THE CHURCH OF ENGLAND AND REUNION [To the Editor of
the SPECTATOR.] Sin,—Mr. Pollard's letter iri your issue of February 15th. on " Reunion " is a curious mixture of unproved dogmatic asser- tion and serious historical blunder. He vigorously attacks the South India Reunion Scheme on the main ground that it would seriously jeopardize the catholicity of our Church, and he proceeds to make dogmatic statements concerning the " anti-Protestant " character of the Church of England, all of which prove that he is apparently unfamiliar with the origin and meaning of the word " Protestant " and also of its traditional use by Anglican Churchmen from the time of the Reformation. For from its origin at the Diet of Spires (1529) " Protestant " was not a negative but a positive " protest " or "witness for" the Catholic position of the Early Church—that the Word of God is the final appeal in all matters of doctrine.
It was this Catholic principle which our own English Reformers strenuously asserted so that Cranmer declared that " the Holy Scriptures must be to us the rules and judges of all Christian doctrine," and this principle was enunciated clearly in Article VI. It was this witness for, and return to, primitive Catholic Truth by our Reformers which justified Bishop Chr. Wordsworth in asserting that " the Church of England became Protestant at the Reformation that she might become more truly and purely Catholic." Therefore, to oppose the terms " Protestant " and " Catholic " is quite unhistorical and altogether foreign to the aims and convictions of all the " Reformed " whether Anglican or Continental. Dean Jackson in 1627—" one of the greatest minds our Church has nurtured " (Dr. Pusey)—declared : " We Pro- testants of the Reformed churches . . . are the most con- spicuous members of Christ's Holy Catholic Church." The Church of England is essentially Protestant just because she is truly and purely Catholic, and it is superfluous for her to state this fact in her formularies, although it does occur in the Coronation service and her American daughter uses it as her official title.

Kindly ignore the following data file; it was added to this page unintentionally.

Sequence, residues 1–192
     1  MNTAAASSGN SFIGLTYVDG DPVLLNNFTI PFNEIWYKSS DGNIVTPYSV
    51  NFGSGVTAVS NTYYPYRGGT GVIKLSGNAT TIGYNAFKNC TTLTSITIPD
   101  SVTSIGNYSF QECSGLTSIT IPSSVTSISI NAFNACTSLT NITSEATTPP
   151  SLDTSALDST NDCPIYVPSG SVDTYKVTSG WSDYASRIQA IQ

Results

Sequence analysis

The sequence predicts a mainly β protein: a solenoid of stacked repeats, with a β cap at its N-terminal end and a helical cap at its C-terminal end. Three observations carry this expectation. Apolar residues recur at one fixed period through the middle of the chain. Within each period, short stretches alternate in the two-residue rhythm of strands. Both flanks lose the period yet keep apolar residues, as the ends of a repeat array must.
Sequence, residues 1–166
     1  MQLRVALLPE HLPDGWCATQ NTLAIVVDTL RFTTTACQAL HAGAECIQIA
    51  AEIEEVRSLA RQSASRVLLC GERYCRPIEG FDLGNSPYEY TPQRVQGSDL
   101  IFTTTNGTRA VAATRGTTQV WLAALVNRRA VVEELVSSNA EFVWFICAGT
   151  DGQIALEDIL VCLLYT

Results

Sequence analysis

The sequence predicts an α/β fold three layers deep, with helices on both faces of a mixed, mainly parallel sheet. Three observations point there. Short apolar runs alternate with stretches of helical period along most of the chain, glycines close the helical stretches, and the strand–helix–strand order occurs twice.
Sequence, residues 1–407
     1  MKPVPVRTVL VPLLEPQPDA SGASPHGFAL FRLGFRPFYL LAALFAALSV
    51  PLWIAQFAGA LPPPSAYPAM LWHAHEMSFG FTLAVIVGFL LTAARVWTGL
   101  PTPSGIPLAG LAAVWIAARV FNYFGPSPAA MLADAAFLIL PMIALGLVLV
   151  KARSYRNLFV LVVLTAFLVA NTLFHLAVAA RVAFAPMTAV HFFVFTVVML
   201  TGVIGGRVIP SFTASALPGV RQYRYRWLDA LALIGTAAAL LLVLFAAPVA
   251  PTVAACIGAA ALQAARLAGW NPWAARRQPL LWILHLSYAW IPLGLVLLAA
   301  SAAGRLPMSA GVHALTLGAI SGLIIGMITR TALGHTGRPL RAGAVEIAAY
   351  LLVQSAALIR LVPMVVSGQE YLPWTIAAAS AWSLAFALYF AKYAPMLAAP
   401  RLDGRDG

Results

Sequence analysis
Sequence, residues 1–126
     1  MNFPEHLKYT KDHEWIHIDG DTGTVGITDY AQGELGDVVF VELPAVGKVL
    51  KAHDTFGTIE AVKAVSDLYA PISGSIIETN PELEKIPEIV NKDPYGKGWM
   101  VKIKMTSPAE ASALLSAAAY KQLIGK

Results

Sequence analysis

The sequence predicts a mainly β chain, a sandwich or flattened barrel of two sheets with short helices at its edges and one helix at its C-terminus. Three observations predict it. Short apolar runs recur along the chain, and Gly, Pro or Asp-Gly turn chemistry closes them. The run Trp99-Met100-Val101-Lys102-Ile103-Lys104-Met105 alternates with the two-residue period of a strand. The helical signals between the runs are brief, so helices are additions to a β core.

The construction which Mr. Pollard puts on the phraseology of our liturgy is certainly novel, but rather startling from the point of natural graminatical sense. Our prayer for " All Sorts and Conditions of Men " prays for " the gOod estate of the Catholic Church," :and proceeds to ask that those who comprise it which it defines as " all who profess to call them-
selves Christians " may be " led into the way of truth," &c. There is no thought of any " contrast " between the Catholic Church and outsiders ! Evidently Mr. Pollard has forgotten Canon 51 of 1603 which bids us pray for " the whole state of Christ's Holy Catholic Church—that is for all Christian people dispersed throughout the whole world," and goes on to single out as part of this Catholic Church—the presbyterianly governed " Church of Scotland."